Objectives. In this article we explore the measurement properties of the Medical Outcomes Study 36-Item Short-Form Health Survey (SF-36) in 49- to 65-year-old African Americans, compare their health-related quality of life (HRQoL) with that of the nation, and evaluate the association of selected covariates with HRQoL. Methods. A probability sample of 998 African Americans in St. Louis received comprehensive in-home assessments. We used an item analysis, exploratory and confirmatory factor analysis, and internal consistency reliability to evaluate the measurement properties of the eight SF-36 scales and their interrelationships. We used a multiple linear regression analysis to characterize the effects of the demographic, socioeconomic status, psychosocial attributes, and biomedical markers. Results. Assessments averaged 2.5 hr. Each SF-36 scale was unidimensional, all items had robust factor loadings, and all but one scale achieved excellent (α ≥ .80) internal consistency reliability levels. The overall factor structure of the SF-36 scales was generally consistent with national norms. Substantial variance was explained by the covariates, mostly attributable to socioeconomic status and the biomedical markers. Conclusions. The SF-36 is a reliable and valid measure of HRQoL for use with African Americans. In this sample, the HRQoL was below national averages. Future social epidemiologic studies should include grip strength, vision, and hearing assessments, which had substantial and consistent associations with the SF-36 scale scores.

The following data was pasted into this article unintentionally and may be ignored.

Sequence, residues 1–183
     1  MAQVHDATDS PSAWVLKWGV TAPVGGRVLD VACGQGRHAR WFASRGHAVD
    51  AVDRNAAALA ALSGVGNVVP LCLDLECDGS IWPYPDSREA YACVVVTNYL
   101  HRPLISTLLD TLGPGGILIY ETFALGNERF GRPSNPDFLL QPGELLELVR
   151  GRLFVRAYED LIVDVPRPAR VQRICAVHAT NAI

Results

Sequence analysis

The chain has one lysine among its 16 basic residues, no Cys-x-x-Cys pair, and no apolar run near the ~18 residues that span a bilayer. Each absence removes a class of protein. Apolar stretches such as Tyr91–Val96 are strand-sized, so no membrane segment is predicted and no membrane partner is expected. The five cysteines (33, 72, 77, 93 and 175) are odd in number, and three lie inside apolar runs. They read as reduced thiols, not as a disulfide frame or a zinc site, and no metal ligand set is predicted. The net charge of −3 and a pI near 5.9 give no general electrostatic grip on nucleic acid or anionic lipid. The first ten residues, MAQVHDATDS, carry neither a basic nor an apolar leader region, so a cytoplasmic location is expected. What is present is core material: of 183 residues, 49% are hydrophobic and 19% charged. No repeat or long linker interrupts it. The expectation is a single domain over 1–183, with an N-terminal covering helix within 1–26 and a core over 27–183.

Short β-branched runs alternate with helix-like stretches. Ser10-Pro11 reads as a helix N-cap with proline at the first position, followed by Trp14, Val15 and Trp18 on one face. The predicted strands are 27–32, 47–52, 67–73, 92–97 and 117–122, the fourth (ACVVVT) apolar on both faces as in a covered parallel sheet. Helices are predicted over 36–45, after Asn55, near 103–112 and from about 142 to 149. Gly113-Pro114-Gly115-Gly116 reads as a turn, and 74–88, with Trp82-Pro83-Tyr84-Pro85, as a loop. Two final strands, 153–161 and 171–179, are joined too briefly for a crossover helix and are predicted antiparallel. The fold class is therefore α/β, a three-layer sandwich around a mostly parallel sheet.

|Journal||Journals of Gerontology - Series B Psychological Sciences and Social Sciences|
|State||Published - Mar 2004|